Companies must protect key people

By Chris Ireland | September 30, 2013 | Last updated on September 30, 2013
2 min read

Consider the situation of a recent client, a successful private software firm wholly owned by a married couple. Although the owners are the prime drivers of the business, they rely heavily on their chief analyst for software development.

Unfortunately, he died unexpectedly three months ago and the company has been struggling to replace him. They are now at risk of losing some customers to competitors, which will in-turn hurt profitability.

This kind of impending financial disaster can be mitigated with key person insurance, which covers people who are so integral to a company’s operations that their sudden absence hinders output.

These policies differ from the typical corporate-owned life insurance that use proceeds to buy out a deceased shareholder’s interest in the company, or fund capital gains tax.

Instead, key person insurance compensates a company for financial losses arising from the death or incapacity of a valued member of the business. Proceeds can be earmarked for:

  • A short-term cash infusion to deal with lost revenue or to pay off debts and liabilities.
  • Recruiting, hiring, and training a replacement.
  • Providing financial support for the key person’s family.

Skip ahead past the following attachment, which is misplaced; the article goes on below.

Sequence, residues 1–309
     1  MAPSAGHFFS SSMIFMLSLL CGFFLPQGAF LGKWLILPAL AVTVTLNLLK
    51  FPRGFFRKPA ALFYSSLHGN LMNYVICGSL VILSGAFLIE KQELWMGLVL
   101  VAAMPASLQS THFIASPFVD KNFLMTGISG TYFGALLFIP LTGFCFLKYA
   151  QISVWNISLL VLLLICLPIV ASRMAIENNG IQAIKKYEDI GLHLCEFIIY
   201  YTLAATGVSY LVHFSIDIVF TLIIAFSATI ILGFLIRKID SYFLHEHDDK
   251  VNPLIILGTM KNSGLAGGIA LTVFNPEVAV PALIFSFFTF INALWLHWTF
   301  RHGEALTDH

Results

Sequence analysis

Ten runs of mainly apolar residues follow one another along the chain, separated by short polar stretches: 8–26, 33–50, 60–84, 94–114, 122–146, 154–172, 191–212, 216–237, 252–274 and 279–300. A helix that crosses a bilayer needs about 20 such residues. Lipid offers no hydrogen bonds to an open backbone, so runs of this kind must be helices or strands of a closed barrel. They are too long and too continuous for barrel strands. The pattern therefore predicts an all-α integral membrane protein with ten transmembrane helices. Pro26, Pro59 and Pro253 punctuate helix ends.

There shouldn’t be any tax on the insurance proceeds, so the company could use 100% of the funds. And while it’s never easy to replace a key person, the funds serve as a buffer while the company works its way through this difficult period.

Beneficiary incentives

These policies can also be used to benefit the key person in his or her lifetime. For example, the key person could own the policy, and over-fund it (perhaps using annual bonuses). Naming the company as beneficiary of the base life benefit means the company pays its share of the insurance cost and would receive the base benefit on death.

This could also provide the key person an asset to utilize in future. When he or she retires, the company is removed as beneficiary. The former employee continues to own the life insurance policy and is entitled to both the cash values in the policy and the base life benefit. The proceeds would be available to his or her estate, and the overfunded amount provides an asset for the key person in retirement—by drawing down the cash values, or by using the cash values as security for a loan or for an insured annuity.

Protecting a company is critical but key person insurance can also be valuable for retirement.

Chris Ireland is a senior vice-president, planning services, PPI Advisory.

Chris Ireland